Adult Literacy: The Promise of Opportunity

June 27, 2011

Promising legislation currently introduced in Congress gave Robert Wedgeworth’s Coleman Library Outreach Lecture an optimistic outlook.

Wedgeworth, former president and CEO of ProLiteracy Worldwide told the audience about the Adult Education and Economic Growth Act of 2011, which has been introduced in both houses of Congress.

“The lack of a coordinated adult education program is our economy’s Achilles’ heel,” Wedgeworth said, because the information economy leaves adults with low literacy skills behind. While the act’s details haven’t been finalized, Wedgeworth called it “a major step in the right direction” in targeting workplace skills and job preparation.

It marks a shift in the political climate from an emphasis on prevention through elementary and secondary education (which are easier to support in much the same way that “It’s easier to love a puppy than a dog.” Wedgeworth observed that those efforts, while commendable, aren’t enough; children with low-literate parents have a much higher chance of becoming low-literate adults themselves, and immigrants who don’t speak English are not served by the public school system at all.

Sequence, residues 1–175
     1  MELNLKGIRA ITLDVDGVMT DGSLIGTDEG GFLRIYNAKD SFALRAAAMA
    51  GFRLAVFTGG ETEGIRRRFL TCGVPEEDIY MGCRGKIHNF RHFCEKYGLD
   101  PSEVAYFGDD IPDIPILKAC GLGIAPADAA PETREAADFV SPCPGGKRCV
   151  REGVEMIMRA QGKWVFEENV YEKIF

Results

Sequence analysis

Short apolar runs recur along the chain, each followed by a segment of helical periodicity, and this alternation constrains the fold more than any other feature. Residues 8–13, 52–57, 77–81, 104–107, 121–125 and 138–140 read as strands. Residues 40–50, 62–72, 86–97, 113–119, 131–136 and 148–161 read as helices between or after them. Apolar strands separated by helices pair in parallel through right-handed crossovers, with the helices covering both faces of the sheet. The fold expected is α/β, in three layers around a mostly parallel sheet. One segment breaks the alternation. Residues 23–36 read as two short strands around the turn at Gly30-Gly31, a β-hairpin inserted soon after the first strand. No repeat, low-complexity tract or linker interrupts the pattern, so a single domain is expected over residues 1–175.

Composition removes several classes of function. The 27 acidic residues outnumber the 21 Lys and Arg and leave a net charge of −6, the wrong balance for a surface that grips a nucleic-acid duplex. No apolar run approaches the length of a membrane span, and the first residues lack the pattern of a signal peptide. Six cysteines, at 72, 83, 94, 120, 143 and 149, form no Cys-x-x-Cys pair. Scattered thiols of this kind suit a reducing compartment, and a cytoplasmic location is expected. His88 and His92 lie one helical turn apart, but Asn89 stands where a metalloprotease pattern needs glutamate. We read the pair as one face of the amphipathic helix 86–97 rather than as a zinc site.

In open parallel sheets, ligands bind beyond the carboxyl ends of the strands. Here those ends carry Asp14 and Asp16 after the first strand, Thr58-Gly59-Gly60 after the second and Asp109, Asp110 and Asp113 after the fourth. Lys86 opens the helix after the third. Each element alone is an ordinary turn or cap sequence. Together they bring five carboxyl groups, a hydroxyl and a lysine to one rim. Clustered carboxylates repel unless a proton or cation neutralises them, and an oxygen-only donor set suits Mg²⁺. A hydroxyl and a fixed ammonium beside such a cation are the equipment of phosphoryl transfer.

He acknowledged that there have been many efforts to address adult literacy at the state and local level. “Organizations have created programs and trained staff. But there is no coordinated system to sustain a long-term effort.”

The political climate, however, isn’t necessarily supportive. While “The Declaration of Independence implies a promise, not of wealth, but that each citizen will have the opportunity to pursue his or her dreams,” Wedgeworth said that the unfulfilled promise of the American Dream is no longer a convincing argument. Librarians and educators need data to back up their claims.

That data does support literacy programs, however. “We know that even a modest increase in literacy rates produces a significant increase in GDP,” Wedgeworth said. And he cited examples from other countries. Finland, for example, has few natural resources and was a poor nation after World War II, but grew by investing in its population.

“Perhaps the catalyst to more effective action in the U.S. is to demonstrate the value of investing in our people,” Wedgeworth said.